Tyler Smith

The final yard: The final yard: Docker, firewalls and SSH keys

Today was gonna be the day I got my project on the Internet. My pipeline was building images and deploying them to my registry. I just needed to get the server set up and add the deploy step.

Except then it all went wrong.

Docker's gaping security hole

I was starting to think about how to set up the server today, and I realized I hadn't really worried about setting up a firewall with Docker before. ufw is a pretty powerful tool though, so I figured it would probably be simple.

It's not.

The first article I stumbled into was 5 Fatal Docker Gotcha's for new users on UI-licious's blog. I figured that in addition to containing time-honored advice like "use volumes lol," it may have a note about how users forget to set up firewalls when using Docker. Nope.

It turns out Docker just completely ignores the system firewall rules and exposes its ports to the public Internet for reasons. The docs mention you can add iptables policies before Docker's rules, but I was kind of hoping to live my whole life without ever having to interact with iptables. I'm not a network engineer. John Carr wrote a blog post on how to configure Docker with a iptables and I got dizzy just looking at it. This wasn't going to work.

A Stack Overflow answer ended up saving me with a suggestion that the UI-licious post originally recommended: use a free DigitalOcean network firewall. I didn't know the pros-and-cons of a network firewall vs a host firewall: I didn't even know that network firewalls existed before today.

As I tried to find if there were any major drawbacks to network firewalls, I found an answer on the DigitalOcean community forums about how network firewalls could actually help mitigate a DDoS attack because disallowed packets would never make it to the origin server. This sold me on using a network firewall, and I decided to go with DigitalOcean to host my project. Sorry Linode.

Jenkins, Docker and SSH

I spun up my server, created a non-root user, added the user to the docker group, and installed Docker. Now it was the moment of truth: I was going to edit my pipeline to run the docker compose up -d command on the remote server by setting DOCKER_HOST=ssh://mydomain.com. Then something occured to me: how will Docker know where to look for the SSH key?

In an ideal world, I could store the public/private key somewhere in the Jenkins UI and pass it into the Docker command. But I can't do that. The next best thing would be to store it somewhere in the Jenkins Home folder where I already have a Docker volume set up. I can't do that either: Docker just uses the standard system SSH key. Darn.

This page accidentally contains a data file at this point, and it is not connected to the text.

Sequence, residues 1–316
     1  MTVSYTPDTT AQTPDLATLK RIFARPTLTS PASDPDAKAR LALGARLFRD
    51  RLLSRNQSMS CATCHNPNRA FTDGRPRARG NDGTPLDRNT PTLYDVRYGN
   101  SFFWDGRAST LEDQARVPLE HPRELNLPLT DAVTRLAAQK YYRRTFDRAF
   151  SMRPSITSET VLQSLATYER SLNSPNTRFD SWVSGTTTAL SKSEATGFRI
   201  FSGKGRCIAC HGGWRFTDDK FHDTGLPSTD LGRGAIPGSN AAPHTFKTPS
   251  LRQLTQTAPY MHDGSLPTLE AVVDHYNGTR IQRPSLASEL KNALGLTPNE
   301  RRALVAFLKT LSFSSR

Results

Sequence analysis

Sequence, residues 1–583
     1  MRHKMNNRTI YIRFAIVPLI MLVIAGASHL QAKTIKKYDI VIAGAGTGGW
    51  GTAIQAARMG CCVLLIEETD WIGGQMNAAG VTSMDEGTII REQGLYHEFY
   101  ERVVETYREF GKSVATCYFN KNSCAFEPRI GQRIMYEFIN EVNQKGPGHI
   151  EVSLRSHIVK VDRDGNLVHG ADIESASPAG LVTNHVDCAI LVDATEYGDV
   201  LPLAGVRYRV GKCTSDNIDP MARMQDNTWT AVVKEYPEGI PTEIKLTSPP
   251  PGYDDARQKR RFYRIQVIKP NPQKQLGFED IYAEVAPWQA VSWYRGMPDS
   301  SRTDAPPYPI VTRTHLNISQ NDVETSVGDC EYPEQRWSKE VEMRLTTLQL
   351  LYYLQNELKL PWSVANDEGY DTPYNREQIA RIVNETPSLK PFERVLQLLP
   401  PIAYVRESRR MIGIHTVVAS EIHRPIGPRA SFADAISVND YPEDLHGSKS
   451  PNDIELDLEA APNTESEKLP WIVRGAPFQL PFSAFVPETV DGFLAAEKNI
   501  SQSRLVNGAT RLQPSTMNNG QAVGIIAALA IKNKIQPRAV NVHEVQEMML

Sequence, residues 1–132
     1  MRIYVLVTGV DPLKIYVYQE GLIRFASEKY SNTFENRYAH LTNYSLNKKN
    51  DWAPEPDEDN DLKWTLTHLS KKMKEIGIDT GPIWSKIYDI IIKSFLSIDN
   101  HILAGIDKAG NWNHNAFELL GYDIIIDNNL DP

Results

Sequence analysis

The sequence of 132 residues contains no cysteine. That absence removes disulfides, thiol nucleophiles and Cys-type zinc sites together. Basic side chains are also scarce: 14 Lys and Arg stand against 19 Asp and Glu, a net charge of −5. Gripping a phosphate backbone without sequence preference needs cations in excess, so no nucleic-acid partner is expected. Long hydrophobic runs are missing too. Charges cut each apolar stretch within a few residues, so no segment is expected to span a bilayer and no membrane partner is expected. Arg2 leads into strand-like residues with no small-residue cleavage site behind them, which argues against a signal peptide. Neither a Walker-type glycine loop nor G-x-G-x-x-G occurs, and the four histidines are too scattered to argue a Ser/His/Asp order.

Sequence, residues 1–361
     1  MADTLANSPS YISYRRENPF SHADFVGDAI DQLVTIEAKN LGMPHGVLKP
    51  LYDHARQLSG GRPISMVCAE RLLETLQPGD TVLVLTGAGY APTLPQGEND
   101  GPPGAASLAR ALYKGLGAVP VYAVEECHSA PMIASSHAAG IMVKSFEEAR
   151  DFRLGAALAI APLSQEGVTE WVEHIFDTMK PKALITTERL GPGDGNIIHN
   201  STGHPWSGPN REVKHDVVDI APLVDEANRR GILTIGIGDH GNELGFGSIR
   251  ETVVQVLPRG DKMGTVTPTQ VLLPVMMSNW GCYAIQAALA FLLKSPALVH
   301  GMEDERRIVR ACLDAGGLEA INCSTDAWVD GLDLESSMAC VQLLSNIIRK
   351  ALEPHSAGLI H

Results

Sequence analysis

The fact I have all of this containerized with no build agents is messy. If I had an ephemeral Dockerized build agent, I guess I could store the public and private keys as secrets in Jenkins then pass them to the appropriate location at build time. Though it upsets me that I'd need to store the public key as a secret. Why does Jenkins seemingly not have a way to set declarative pipeline environment variables from the UI? Some of these aren't secrets, but they aren't something I want to commit to version control either.

Next steps

Tomorrow I'll do whatever hackery I need to in order to connect my local containerized Jenkins instance to my production server. I'll probably just mount my host's .ssh/ folder into the container and call it a day.

As much as I'm not enjoying Jenkins, I feel like it's taught me a ton about containers, CI and CD. But I feel like the grass is greener with GitLab CI and GitHub actions. It's hard for me to imagine that Jenkins will be my go-to tool for CI/CD long term.

DNS on Cloudflare

It didn't fit cleanly anywhere else in this post so I'll put it here: I migrated my project's DNS to Cloudflare. Listening to nearly every guest on the Running in Production Podcast talk about how they use Cloudflare in front of their apps made me think I should do that too. I've used Cloudflare plenty of times before, but a lot of times I just don't expend the effort to set it up.

Cloudflare automatically sucks the records out of GoDaddy, and GoDaddy had an unbelievable amount of cPanel trash in its records that I needed to remove. I think those records came preconfigured when I bought the domain, though I'm not 100% sure because I bought it from a shady "buy this domain" landing page.

Should I be looking at using a different registrar?